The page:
Data from the dashboard shows inequality across Europe
Inequality is still very much present in Europe today, although steps are being taken to close the gaps. How do religious leaders and institutions contribute?
The EARS dashboard is a collection of summaries from European media articles on religion and society. In the past years, over 10,000 summaries were added. Our international team of analysts keeps the dashboard up-to-date with hundreds of new summaries each month.
Between January 1st and October 1st, 2021, 187 summaries about the topic of inequality were added to the dashboard. This is equal to 6% of the total number of summaries added to the dashboard during that period.
From these summaries, we can see how inequality is still very much present in Europe today, although steps are being taken to close the gaps. In this article, we will focus on gender and economic inequality and their relationship to religion.
Gender inequality across Europe
A key issue relating to gender inequality found on the dashboard is the topic of inclusivity. Many religious leaders and institutions are taking steps to reduce gender inequality. For example, an archdiocese in Ireland has published a new pastoral plan which emphasises the inclusion of women in leadership roles. Similarly, the German Catholic Women’s League is demanding equal participation and voting rights for women in the episcopal synod in Rome. The League is aiming at equal treatment of all believers, regardless of their gender, due to the religious belief in the equal dignity of all baptised people.
Pope Francis has also recently addressed the issue of equal rights and chances for women. He stressed the equality of all people before God and lamented the current situation for women because there is still an “enslavement” of females. Likewise, French theologian Nathalie Becquart welcomes the change in attitudes towards the role of women in both society and the Church. She states that women need to be represented in decision making in the Church, and that all are created equal in the eyes of God.
However, this focus on reducing gender inequality is not found everywhere. Research has found that many female ministers in the Netherlands experience sexism in the workplace. Almost 75% of respondents feel like they are treated differently by church members, and 60% claim they experience the most sexism at the hands of their male colleagues. About 5% of the female ministers are considering resigning because of this. In addition, a survey of 29 of the biggest mosques in the UK has revealed that more than 1 in 5 of these places were not allowing women in to pray during the month of Ramadan. Five of the mosques contacted do not have a women’s area and six responded to say they ‘cannot accommodate women because of COVID health and safety reasons’.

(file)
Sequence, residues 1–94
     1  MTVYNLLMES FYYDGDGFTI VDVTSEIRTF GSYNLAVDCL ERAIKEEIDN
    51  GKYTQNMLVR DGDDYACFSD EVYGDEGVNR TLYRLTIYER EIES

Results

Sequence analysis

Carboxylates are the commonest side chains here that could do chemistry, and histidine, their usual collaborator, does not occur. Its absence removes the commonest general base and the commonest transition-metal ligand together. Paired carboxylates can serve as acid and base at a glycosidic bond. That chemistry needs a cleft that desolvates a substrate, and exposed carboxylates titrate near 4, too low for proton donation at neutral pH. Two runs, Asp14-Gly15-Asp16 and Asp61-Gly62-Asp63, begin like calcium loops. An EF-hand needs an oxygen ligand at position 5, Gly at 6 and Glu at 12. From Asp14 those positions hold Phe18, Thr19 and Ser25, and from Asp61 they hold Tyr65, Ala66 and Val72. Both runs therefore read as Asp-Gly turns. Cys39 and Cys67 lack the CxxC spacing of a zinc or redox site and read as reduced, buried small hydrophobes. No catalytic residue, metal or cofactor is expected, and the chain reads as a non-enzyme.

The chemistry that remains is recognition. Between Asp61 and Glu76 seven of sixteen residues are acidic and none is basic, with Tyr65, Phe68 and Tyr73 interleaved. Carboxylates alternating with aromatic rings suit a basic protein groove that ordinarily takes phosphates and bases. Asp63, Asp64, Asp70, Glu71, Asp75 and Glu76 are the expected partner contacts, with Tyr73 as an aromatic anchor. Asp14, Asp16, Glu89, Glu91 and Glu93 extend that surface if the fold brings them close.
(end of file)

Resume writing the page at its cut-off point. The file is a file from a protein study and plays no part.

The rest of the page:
Finally, Pope Francis passed a resolution allowing women to formally read prayers, serve at the altar, and receive communion during religious services. This was seen as another step forward in equal women’s rights in the Roman Catholic Church. However, the Church only allows men to be priests and women are traditionally only on the margins of the Vatican administration.
Economic inequality across Europe
Besides efforts to decrease gender inequality, religious institutions are also addressing economic inequality across Europe. For instance, the world’s most prominent Christian leaders have come together to persuade people to urgently address the climate crisis. According to Pope Francis, the Archbishop of Canterbury, and the Ecumenical Patriarch Bartholomew, climate change causes the most damage to the poorest people on earth, despite them being least responsible.
Pope Francis has also called for a post-pandemic recovery plan to follow a new socio-economic model to overcome inequality. Mario Draghi, the Italian prime minister, seems to have understood the message and spoke of a growth that respects the environment and does not humiliate the human person. This includes, for example, greater fairness in taxation.
Research has indicated that membership in religious communities can improve mental health when living in poverty. The researchers found that poor mental health linked to poverty was significantly less among religious people than among non-religious people. It is unclear yet why religious belief improves mental health. For example, it could be due to the social and community interactions religious belief entails, which are widely known to improve mental wellbeing.
Even though many religious leaders and institutions are taking steps to battle both gender and economic inequality, full equality across Europe has not yet been achieved. Nevertheless, efforts such as the inclusion of women in leadership roles and representation in decision making are steps in the right direction. As for economic inequality, religious leaders such as Pope Francis are calling for new and fair systems to provide help to the world’s poorest.
The EARS dashboard allows you to gain insight into a large number of topics, including gender and economic inequality. It is a free tool that enables you to make similar connections as described above, and to find out about new relationships between interesting subjects across Europe. Please visit the dashboard to learn more.